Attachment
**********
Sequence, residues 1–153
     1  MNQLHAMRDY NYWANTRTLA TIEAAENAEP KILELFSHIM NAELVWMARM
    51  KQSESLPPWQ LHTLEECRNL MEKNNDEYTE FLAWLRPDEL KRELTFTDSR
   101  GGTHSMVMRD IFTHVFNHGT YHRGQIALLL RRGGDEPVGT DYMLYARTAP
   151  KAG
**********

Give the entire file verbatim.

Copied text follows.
Sequence, residues 1–153
     1  MNQLHAMRDY NYWANTRTLA TIEAAENAEP KILELFSHIM NAELVWMARM
    51  KQSESLPPWQ LHTLEECRNL MEKNNDEYTE FLAWLRPDEL KRELTFTDSR
   101  GGTHSMVMRD IFTHVFNHGT YHRGQIALLL RRGGDEPVGT DYMLYARTAP
   151  KAG